Lawmakers consider expanding state registry of health care workers
Since October 1, the Iowa Department of Inspections and Appeals has issued fines or citations against 22 of the state’s health care facilities, with fines totaling $53,787. (Photo by Getty Images)
State lawmakers are considering a bill that would expand Iowa’s registry of the direct-care workers who provide services for the sick, elderly and disabled.
Backers say an expanded registry would help the state and its employers identify and utilize qualified health care workers. It’s a tool, they say, that could have been of use during the current COVID-19 pandemic.
The bill, House File 402, would require the Iowa Department of Inspections and Appeals to expand its existing, federally mandated registry of direct-care workers to include not only the certified nurse assistants who work in nursing homes and care facilities, but all types of direct-care workers, regardless of their employment setting.
Direct-care workers include not only nurse aides, but home care and hospice aides, universal workers, patient care technicians, direct support professionals and others. Advocates says an expanded registry would help seniors remain in their homes longer and help employers determine just how much training and work experience prospective employees have.
“From an employer perspective, if there was a singular location to find the information that this would capture, it just makes vetting and hiring that much quicker,” said Jim Knoepfler of EveryStep Care & Support Services. “In the face of this pandemic where caregivers have been desperately needed, it certainly would have been an avenue, a conduit to find people that have the training and the capability that maybe aren’t currently in that role.”
The legislation is backed by AARP of Iowa, United Way of Central Iowa, the Iowa Rural Health Association and the Older Iowans Legislature. It is opposed by several companies and organizations that employ direct-care workers in Iowa, including Mosaic, Exceptional Persons and Nishna Productions.
Earlier this week, the bill was introduced in the Iowa House and referred to the House committee on human resources.
There are an estimated 60,000 direct-care workers in Iowa, but according to the professional association Iowa CareGivers, the number of people working in the field is shrinking at the same time demand for their services is increasing.
The association says the expanded registry would help organize and coordinate a fragmented system of providing health care in Iowa. That system is beset with inconsistencies and a lack of portability with regard to training requirements, as well as a lack of continuing education standards that would enable workers to retain their credentials. Those factors make it difficult for employers to recruit and retain direct-care workers, the association says.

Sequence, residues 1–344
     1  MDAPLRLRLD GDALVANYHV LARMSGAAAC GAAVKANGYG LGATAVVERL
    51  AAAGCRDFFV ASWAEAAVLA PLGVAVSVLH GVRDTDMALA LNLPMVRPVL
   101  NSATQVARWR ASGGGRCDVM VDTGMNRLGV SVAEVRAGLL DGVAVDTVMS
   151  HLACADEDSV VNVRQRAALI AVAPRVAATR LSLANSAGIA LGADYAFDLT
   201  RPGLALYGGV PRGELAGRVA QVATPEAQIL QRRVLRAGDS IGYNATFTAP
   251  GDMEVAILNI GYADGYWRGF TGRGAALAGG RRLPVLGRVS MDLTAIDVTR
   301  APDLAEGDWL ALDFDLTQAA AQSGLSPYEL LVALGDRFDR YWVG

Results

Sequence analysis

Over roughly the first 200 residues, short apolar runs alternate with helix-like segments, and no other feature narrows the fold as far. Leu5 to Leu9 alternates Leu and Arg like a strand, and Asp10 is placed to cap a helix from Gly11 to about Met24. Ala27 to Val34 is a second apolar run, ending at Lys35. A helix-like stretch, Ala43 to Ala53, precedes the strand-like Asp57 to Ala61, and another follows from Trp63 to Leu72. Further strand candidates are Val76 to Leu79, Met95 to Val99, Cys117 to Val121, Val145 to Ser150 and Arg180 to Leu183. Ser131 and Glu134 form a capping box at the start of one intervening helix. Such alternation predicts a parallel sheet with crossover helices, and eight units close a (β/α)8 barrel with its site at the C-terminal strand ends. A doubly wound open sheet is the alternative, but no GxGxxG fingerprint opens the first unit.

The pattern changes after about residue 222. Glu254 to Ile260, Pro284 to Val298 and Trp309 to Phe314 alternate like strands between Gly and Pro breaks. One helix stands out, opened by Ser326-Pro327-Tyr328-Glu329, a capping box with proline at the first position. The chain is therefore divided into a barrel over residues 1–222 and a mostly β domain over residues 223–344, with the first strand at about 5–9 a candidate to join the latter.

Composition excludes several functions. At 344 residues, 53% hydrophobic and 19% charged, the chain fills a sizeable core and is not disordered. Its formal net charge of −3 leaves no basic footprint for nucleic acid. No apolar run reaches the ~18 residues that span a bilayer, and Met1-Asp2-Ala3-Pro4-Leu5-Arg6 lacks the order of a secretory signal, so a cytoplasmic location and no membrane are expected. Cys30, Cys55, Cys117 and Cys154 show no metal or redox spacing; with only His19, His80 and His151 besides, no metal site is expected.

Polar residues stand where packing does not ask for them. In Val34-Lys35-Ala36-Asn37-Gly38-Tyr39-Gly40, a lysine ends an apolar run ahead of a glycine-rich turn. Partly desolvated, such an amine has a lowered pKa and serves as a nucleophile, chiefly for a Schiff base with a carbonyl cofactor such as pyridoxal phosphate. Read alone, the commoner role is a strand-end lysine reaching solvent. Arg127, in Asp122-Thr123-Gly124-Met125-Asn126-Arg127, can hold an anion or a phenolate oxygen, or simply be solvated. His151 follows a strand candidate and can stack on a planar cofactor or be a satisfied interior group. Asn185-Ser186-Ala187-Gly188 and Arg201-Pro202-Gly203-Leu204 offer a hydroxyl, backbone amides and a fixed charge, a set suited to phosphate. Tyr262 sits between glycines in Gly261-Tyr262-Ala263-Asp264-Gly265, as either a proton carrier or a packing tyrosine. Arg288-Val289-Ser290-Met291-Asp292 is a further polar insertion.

The bill would require the Department of Inspections and Appeals to convene a stakeholder advisory workgroup that would develop a plan for the expansion of the registry and to submit that plan to the governor by year’s end.
In Iowa, the average annual turnover of direct-care workers in nursing homes is 64%. Because nurse aides deliver so much of the hands-on delivery of care in those facilities, the high turnover rate has always been considered a major contributor to deficient care. The median wage for Iowa’s direct-care workers is $13.80 an hour.
Michael Owens, a direct support professional in Iowa, said with no statewide database to maintain training records, direct-care workers are sometimes forced to undergo costly and repetitive training. “I see so much in-house training going on at facilities and when you leave you don’t take those new credentials with you,” he said. “You have to start all over and be retrained somewhere else.”
The lack of a comprehensive registry also means there’s no listing of qualified home health aides that can make it easier for older Iowans to remain in their home rather than move to a care facility.
“Iowans who already struggle with health and disability related issues should not have to struggle to find caregivers,” said Jenn Wolff, Iowa Disability League.
Tony Vola of the Older Iowans Legislature said Iowa employers currently depend on workers to disclose their training and work experience, but the state isn’t capturing any of that data. Doing so, he said, “will help ensure we have the correct workforce available to employers to meet demand and changing environments.”
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